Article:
Is Sweden going to become the first cashless society?

The race is on to see which country will become a cashless society first. In May, the government of Denmark proposed the nation should dispense of all cash payments and effectively become a cashless society, saying there is no longer a need for requirements on cash payments.

This week, the Central Bank of Ireland revealed 1c and 2c coins will no longer be manufactured, with the 28th October set as the official rounding day for retailers, suggesting the transition is being initiated very gently.


‘Widespread adoption’

However, some Swedish academics believe that it is their country that will become the first one to go cashless. The country’s embrace of IT and widespread adoption of the mobile payment system, Swish, is helping hasten the day when Sweden replaces cash altogether, says a study from Stockholm’s KTH Royal Institute of Technology.

“Cash is still an important means of payment in many countries’ markets, but that no longer applies here in Sweden. Our use of cash is small, and it’s decreasing rapidly,” said Niklas Arvidsson, a researcher in industrial economics and management at KTH.


Coin circulation decreasing

There has been a rapid decline in the amount of coins: there are 80 billion Swedish crowns in circulation (roughly EUR8 billion) right now compared to 106 billion just six years ago.

“And out of that amount, only somewhere between 40 and 60 percent is actually in regular circulation,” Arvidsson added. The rest is socked away in people’s homes and bank deposit boxes, or can be found circulating in the underground economy.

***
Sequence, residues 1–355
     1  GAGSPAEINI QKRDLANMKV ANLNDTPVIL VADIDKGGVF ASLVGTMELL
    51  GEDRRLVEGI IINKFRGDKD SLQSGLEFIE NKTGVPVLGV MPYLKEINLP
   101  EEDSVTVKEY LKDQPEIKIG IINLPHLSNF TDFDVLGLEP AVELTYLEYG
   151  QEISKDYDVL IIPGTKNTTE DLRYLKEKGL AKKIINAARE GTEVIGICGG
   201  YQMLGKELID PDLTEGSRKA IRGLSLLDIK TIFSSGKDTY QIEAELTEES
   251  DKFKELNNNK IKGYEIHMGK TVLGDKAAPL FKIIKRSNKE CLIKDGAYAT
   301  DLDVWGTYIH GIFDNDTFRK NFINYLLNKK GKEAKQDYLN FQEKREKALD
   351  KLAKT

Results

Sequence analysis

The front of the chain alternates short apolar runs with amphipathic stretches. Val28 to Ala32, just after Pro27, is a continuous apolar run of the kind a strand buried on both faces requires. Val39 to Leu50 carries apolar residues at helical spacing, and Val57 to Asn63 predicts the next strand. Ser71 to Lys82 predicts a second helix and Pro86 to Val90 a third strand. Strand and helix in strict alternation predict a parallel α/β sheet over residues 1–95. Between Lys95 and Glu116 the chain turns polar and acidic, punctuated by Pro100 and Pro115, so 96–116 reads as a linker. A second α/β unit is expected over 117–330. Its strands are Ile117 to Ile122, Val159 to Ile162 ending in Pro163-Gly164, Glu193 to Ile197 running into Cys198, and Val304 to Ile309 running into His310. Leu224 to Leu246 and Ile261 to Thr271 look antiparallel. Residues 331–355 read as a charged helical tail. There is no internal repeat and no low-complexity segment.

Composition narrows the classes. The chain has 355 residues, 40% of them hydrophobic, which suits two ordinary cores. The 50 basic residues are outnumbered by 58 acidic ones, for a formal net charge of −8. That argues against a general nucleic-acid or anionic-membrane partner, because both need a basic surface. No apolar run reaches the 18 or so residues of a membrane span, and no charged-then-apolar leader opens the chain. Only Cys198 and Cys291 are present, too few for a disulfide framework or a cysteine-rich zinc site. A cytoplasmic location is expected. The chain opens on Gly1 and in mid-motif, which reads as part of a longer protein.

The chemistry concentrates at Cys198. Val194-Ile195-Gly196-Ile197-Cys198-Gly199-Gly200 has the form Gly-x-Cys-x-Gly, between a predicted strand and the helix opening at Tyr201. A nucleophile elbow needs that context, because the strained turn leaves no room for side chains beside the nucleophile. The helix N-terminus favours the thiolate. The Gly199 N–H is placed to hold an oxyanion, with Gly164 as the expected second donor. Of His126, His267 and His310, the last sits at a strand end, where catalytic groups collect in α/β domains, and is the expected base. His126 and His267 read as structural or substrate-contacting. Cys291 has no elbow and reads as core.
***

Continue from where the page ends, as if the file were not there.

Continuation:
This is reminiscent of the current situation in the UK, where just half of UK cash in circulation is used within the domestic economy for transactions, with some being ‘hoarded’ and the rest being stored overseas for travel or stored for use in the ‘shadow economy’.

However, despite this similarity, the Bank of England pronounced UK cash to be resilient, whilst Swedish cash appears to be less so.

Innovative technologies such as Swish, the result of collaboration between major Swedish and Danish banks, are accelerating people’s migration towards digital ways of paying.



Besides simplicity and lower costs, digital payments also add transparency to the nation’s payment system. Several banks in Sweden already have 100 percent digitalized branches that will simply not accept cash.

“At the offices which do handle banknotes and coins, the customer must explain where the cash comes from, according to the regulations aimed at money laundering and terrorist financing,” Arvidsson said. Bank staff are required to file police reports in response to suspicious cash transactions.

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